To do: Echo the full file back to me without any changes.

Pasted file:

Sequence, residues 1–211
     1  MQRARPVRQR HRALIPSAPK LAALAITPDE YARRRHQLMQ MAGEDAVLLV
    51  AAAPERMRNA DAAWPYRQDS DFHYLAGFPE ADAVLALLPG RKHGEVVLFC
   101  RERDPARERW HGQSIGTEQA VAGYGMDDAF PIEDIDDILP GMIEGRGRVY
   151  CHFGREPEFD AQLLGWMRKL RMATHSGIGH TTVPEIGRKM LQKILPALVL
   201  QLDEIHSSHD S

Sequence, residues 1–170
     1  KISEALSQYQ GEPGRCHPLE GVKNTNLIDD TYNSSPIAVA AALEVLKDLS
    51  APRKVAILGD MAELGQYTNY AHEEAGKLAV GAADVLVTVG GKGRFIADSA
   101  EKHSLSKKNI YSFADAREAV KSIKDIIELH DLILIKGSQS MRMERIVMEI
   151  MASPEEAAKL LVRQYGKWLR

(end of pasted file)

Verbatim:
Sequence, residues 1–211
     1  MQRARPVRQR HRALIPSAPK LAALAITPDE YARRRHQLMQ MAGEDAVLLV
    51  AAAPERMRNA DAAWPYRQDS DFHYLAGFPE ADAVLALLPG RKHGEVVLFC
   101  RERDPARERW HGQSIGTEQA VAGYGMDDAF PIEDIDDILP GMIEGRGRVY
   151  CHFGREPEFD AQLLGWMRKL RMATHSGIGH TTVPEIGRKM LQKILPALVL
   201  QLDEIHSSHD S

Sequence, residues 1–170
     1  KISEALSQYQ GEPGRCHPLE GVKNTNLIDD TYNSSPIAVA AALEVLKDLS
    51  APRKVAILGD MAELGQYTNY AHEEAGKLAV GAADVLVTVG GKGRFIADSA
   101  EKHSLSKKNI YSFADAREAV KSIKDIIELH DLILIKGSQS MRMERIVMEI
   151  MASPEEAAKL LVRQYGKWLR